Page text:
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FAA Airport Delay Map – It Wasn’t the Weather

This past weekend I had the pleasure of making one of those late Sunday night runs to the airport to provide a ride home for my husband. Now, I couldn’t really say no, and it certainly was cheaper than leaving a car parked at the airport all week, but, ugh, it was late! And then the dreaded text message… the flight is delayed! No! How long? Why?

Air travel has to be one of the most frustrating activities on the planet. One of many factors that makes air travel frustrating is the LACK of information. It’s much easier to deal with a delay if you know the cause. Being left to sit and wonder is maddening.  Once my husband arrived at the gate for his flight he asked about the delay. The plane was coming from San Francisco he was told, and delayed due to weather. Weather? Really? The first thing I had done was check the weather when I received the text. There was no weather at SFO. Maybe it was fog? No, I tracked that down too, it was not fog.

I suppose it’s just easier to blame the weather, people won’t question that right? The airlines certainly don’t want to take the blame for a late crew or a mechanical problem (both crossed my mind as being the real cause). Swell! I never like to be connected to a flight that requires repairs to be done on the “fly!” With my ever-curious nature in full swing I decided to Google airport delays, and in so doing, not only did I find the real truth behind the delay, I also discovered a nifty little website tool with a map and everything!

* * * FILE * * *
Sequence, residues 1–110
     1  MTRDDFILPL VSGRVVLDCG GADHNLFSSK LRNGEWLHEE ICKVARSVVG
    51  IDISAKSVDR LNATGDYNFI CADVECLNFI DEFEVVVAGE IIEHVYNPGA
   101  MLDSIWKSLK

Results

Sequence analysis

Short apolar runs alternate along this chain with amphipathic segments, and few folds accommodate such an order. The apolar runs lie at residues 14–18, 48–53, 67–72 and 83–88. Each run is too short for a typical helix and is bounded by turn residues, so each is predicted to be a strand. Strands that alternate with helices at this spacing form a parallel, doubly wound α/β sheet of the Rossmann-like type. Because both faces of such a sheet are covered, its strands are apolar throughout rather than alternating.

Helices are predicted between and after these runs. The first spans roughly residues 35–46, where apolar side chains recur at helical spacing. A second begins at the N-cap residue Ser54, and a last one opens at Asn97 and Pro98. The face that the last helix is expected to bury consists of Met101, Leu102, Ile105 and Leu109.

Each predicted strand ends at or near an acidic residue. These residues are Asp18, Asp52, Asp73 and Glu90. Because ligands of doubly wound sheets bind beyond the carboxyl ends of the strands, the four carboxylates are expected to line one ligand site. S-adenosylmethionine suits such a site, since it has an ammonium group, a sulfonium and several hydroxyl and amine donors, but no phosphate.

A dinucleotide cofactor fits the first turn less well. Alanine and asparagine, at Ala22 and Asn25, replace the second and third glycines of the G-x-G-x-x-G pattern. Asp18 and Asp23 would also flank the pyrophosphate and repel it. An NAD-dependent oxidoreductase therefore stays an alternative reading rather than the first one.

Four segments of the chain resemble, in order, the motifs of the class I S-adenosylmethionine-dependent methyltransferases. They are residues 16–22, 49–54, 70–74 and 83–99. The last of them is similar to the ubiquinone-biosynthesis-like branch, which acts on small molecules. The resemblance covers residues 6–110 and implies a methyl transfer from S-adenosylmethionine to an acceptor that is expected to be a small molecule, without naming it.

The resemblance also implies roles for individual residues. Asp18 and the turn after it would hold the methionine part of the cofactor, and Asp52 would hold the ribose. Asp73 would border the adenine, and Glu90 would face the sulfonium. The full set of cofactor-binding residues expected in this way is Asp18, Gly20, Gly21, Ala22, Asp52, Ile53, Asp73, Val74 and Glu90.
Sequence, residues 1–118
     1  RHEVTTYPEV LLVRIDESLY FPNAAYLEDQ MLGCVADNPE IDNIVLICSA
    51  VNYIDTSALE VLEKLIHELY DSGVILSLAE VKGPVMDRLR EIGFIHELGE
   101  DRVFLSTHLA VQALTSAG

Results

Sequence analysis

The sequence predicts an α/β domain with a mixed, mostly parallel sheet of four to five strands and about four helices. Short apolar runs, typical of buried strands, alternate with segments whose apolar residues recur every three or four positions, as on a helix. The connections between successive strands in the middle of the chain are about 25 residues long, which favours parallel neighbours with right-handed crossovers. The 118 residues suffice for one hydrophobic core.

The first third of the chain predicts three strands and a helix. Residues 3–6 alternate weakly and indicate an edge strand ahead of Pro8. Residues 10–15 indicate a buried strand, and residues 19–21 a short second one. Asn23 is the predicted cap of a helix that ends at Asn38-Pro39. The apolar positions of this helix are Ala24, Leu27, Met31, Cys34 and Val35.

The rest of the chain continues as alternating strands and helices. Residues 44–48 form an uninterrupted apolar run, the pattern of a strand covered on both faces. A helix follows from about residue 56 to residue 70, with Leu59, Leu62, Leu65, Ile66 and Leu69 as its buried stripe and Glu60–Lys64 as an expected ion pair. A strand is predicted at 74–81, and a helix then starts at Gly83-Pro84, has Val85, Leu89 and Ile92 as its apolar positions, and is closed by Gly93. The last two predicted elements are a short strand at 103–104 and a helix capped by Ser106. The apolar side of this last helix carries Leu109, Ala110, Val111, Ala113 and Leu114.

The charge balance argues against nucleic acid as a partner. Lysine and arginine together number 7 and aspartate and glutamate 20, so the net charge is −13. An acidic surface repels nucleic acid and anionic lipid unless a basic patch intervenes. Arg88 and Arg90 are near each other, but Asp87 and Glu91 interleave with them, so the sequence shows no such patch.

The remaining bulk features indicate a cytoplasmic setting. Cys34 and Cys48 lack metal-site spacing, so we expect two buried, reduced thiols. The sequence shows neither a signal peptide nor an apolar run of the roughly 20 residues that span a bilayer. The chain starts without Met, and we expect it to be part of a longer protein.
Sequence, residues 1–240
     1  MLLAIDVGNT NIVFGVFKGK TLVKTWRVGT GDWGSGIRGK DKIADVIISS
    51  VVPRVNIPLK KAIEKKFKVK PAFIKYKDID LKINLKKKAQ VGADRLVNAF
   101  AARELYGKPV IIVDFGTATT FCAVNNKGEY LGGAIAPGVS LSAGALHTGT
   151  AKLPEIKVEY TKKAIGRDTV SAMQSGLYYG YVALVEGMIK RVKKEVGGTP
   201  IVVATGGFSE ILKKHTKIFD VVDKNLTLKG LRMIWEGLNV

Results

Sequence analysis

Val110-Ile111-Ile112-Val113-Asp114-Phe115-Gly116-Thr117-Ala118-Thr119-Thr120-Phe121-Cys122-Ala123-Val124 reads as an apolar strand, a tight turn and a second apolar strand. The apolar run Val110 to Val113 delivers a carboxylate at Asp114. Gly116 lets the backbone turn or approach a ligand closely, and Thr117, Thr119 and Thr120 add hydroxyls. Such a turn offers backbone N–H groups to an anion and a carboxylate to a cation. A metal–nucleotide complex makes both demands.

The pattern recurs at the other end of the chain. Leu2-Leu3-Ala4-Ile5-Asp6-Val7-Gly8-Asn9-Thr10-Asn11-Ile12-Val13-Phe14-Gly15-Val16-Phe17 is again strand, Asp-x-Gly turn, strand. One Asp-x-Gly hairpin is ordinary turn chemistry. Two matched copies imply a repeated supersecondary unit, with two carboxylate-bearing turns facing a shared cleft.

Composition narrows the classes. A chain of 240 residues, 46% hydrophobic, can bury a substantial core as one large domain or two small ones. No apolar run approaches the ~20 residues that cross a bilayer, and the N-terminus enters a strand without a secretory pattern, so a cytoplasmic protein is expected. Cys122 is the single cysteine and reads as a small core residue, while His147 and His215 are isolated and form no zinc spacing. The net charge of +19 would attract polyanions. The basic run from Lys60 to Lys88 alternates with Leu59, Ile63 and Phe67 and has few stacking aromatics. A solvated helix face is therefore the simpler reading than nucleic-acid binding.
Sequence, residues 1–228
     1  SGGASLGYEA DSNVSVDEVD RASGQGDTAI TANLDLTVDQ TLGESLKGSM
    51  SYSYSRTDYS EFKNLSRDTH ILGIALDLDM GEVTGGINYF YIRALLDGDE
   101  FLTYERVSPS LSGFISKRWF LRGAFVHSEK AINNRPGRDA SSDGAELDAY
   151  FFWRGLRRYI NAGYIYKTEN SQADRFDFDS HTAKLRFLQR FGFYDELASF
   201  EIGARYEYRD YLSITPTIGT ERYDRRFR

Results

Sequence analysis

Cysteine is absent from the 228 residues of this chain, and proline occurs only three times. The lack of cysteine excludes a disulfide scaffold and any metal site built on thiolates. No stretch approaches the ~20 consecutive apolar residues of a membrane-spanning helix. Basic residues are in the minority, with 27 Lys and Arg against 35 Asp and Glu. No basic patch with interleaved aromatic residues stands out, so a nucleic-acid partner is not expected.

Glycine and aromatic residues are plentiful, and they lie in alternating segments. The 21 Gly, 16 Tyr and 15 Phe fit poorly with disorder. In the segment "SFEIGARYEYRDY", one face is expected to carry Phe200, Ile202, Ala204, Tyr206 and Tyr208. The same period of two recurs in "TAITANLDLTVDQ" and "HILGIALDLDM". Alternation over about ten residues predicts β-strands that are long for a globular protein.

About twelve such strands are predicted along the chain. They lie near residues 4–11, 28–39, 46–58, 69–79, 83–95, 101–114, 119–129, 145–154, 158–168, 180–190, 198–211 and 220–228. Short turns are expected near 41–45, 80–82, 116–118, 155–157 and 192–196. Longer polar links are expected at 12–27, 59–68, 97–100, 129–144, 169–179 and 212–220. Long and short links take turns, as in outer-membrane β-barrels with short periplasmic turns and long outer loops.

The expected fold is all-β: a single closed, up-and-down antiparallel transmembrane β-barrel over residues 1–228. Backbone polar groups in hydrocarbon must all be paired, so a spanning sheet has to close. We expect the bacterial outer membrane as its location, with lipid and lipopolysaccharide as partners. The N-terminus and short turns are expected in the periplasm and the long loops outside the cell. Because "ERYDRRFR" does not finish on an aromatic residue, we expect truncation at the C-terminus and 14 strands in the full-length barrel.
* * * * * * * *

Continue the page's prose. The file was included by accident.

The FAA hosts a website titled Flight Delay Information – Air Traffic Control System Command Center. Each airport is represented by a dot. The dot is color-coded denoting the status of each airport. Green represents general arrival/departure delays of 15 minutes or less; yellow 16-45 minutes; and red 45 minutes or more. And then there is orange, which means that flights are being delayed at their originating airports due to delays at their destinations.

On Sunday, when I discovered this handy tool, every dot on the map was green, except SFO, which was orange! As it turns out, SFO was taking advantage of the lighter weekend air travel to do construction work on the taxiways. Thus, they were holding flights at their departure points up from 45 to 90 minutes. Oh yay, lucky me! At least it was better than worrying about what piece or part of the aircraft was faulty, or if the crew was suffering a nasty hangover!

The FAA map is interactive, allowing you to hover or click on the dots for more information about the delay. Additionally, while the main map only depicts major airports, you can select a region of focus, lest you should think they slighted the regional airports!